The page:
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A Comres poll of opinions following last night's leaders' debate found the result was a tie between four candidates; David Cameron, Ed Miliband, Nigel Farage and Nicola Sturgeon.
A new opinion poll has indicated that Ed Miliband is starting to close the popularity gap on David Cameron and more voters now believe the Labour leader is doing a good job than a bad one.
An online Survation poll of 1,207 people carried out after last night's leaders debate showed Miliband's individual approval rating climb 8.1 points from minus 4.4 to plus 3.7 and Cameron's rating improve by 4.3 points to plus 7.7.
The other political leaders involved in the debate also saw their approval ratings climb in the poll with the SNP's Nicola Sturgeon now on a 15.4 point approval rating, Ukip's Nigel Farage on 6.2 points, Liberal Democrat Nick Clegg on -6.2 points, Leanne Wood of Plaid Cymru on 11.9 points and the Green Party's Natalie Bennett on 3.1 points.
SNP leader Nicola Sturgeon has revealed she has 15,000 new followers on Twitter.
Sturgeon was out on the campaign trail after taking part in the ITV leaders' debate on Thursday night.
Meanwhile a SNP supporter showed off her tattoo of former first minister Alex Salmond as he hit the campaign trail in Kirkaldy.
Salmond, who hopes to make a return to Westminster in May, praised Sturgeon saying she had "hammered" David Cameron in the televised leaders' debate.
Plaid Cymru leader Leanne Wood has said she felt last night's debate was a success and she was able to achieve what she set out to do and speak for Wales.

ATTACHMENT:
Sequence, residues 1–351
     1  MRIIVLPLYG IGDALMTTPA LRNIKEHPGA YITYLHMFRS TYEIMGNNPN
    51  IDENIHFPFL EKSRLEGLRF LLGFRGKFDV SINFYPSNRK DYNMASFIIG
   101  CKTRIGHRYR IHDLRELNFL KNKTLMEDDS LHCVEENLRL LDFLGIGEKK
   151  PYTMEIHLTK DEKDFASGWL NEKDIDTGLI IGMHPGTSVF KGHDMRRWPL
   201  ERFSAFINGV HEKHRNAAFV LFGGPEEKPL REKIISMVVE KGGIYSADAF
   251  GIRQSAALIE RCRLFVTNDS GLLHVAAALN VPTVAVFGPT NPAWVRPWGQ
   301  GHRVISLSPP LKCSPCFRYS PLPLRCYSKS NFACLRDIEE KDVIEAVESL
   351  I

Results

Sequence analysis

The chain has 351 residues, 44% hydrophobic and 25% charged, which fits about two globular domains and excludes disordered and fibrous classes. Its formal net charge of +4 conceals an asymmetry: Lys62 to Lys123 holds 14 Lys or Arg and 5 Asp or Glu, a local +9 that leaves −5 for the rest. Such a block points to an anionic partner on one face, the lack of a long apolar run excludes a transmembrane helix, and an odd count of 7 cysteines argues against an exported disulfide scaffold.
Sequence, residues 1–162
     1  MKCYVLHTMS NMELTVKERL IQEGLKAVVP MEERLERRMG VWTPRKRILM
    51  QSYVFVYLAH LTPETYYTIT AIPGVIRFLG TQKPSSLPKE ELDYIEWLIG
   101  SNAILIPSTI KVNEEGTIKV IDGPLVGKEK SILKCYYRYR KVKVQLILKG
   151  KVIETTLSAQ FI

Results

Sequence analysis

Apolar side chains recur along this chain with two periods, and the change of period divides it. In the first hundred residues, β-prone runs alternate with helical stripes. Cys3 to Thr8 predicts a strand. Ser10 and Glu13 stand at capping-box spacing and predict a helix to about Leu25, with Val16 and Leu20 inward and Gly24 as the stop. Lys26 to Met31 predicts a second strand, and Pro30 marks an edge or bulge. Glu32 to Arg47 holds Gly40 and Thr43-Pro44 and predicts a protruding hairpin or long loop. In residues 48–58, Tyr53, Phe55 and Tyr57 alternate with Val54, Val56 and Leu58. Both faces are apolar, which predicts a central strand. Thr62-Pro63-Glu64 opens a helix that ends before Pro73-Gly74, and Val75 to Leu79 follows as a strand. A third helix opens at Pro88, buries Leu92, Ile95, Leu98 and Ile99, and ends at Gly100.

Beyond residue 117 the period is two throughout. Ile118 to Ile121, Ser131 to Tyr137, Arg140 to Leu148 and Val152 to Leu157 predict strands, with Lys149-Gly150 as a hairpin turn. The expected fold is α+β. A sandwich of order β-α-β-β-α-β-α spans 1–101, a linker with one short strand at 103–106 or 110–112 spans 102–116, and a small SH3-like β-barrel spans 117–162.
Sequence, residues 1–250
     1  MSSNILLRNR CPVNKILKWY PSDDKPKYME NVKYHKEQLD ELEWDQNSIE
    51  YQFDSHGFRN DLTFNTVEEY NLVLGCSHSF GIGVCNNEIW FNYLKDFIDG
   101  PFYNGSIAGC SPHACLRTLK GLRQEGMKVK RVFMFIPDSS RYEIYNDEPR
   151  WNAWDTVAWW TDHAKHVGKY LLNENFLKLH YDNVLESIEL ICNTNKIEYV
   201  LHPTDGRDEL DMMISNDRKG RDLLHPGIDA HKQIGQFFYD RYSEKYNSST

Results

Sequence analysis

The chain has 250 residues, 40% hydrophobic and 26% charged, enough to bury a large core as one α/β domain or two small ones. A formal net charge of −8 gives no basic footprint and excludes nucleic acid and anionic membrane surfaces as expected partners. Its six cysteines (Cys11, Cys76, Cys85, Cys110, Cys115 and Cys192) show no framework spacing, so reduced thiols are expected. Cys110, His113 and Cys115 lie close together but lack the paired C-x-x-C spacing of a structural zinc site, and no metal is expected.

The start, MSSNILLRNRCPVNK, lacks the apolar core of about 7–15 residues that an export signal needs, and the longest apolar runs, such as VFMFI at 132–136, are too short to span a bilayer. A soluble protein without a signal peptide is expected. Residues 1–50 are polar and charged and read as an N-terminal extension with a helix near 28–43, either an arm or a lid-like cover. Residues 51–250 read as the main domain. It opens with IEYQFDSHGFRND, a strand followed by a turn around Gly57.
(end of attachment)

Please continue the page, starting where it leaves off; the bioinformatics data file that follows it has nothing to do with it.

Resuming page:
Speaking to ITV News following last night's leaders' debate she added that she remained hopeful that voters would ensure "small parties like ours have some influence" after the election:
Nigel Farage has defended his comments on foreign HIV patients during last night's TV debate, following criticism from other party leaders.
The Ukip leader said he presented "hard, cold facts" on the number of non-British nationals being treated for the virus.
"I am showing a way where we could save between £1-and-£2 billion by not allowing very expensive drugs to be given to non-British nationals when there are people here suffering from cancer and other problems that need treatment."
He also played down talk of a coalition between Ukip and the Conservatives, and says it appears likely that the next government could be comprised of three parties.
"I think it is impossible to predict at the moment what the arithmetical mix is going to be," he added.
Nicola Sturgeon has said that is important that voters outside of Scotland understand what SNP stand for.
The SNP leader said: "Clearly my main audience Scottish voters, asking people in Scotland to vote SNP to make Scotlands voice heard. But I also want to make clear that for voters in England, Wales and Northern Ireland we want to be allies in winning more progressive politics."
David Cameron has refused to directly answer a question over whether the Conservatives would go into coalition with Ukip, but said last night's debate presented him and his party as alone in offering a "clear plan" for the economy.
On the election trail in Greater Manchester, Cameron said all the other parties presented a vision of "chaos".
"I thought last night the biggest impression was a choice - you stick with that clear leadership, that clear plan, or you put it all at risk with a sort of 'coalition of chaos' that want extra debt and extra taxes."
Ed Miliband has said he will let others decide who won last night's election debate, but argued that David Cameron "tried and failed" to defend his record during the programme.
Taking questions while meeting with Labour activists in Blackpool, Miliband said: "I leave the commentary to others."
He said there was a choice between only two prime ministers ahead of the election - David Cameron and himself - adding: "What I think people were able to see was that choice very starkly last night.
Latest ITV News reports
Last night there wasn't one particular knockout blow but the political landscape in Britain does seem to be shifting.
Another day on the election trail and the campaign catchphrase is starting to bite.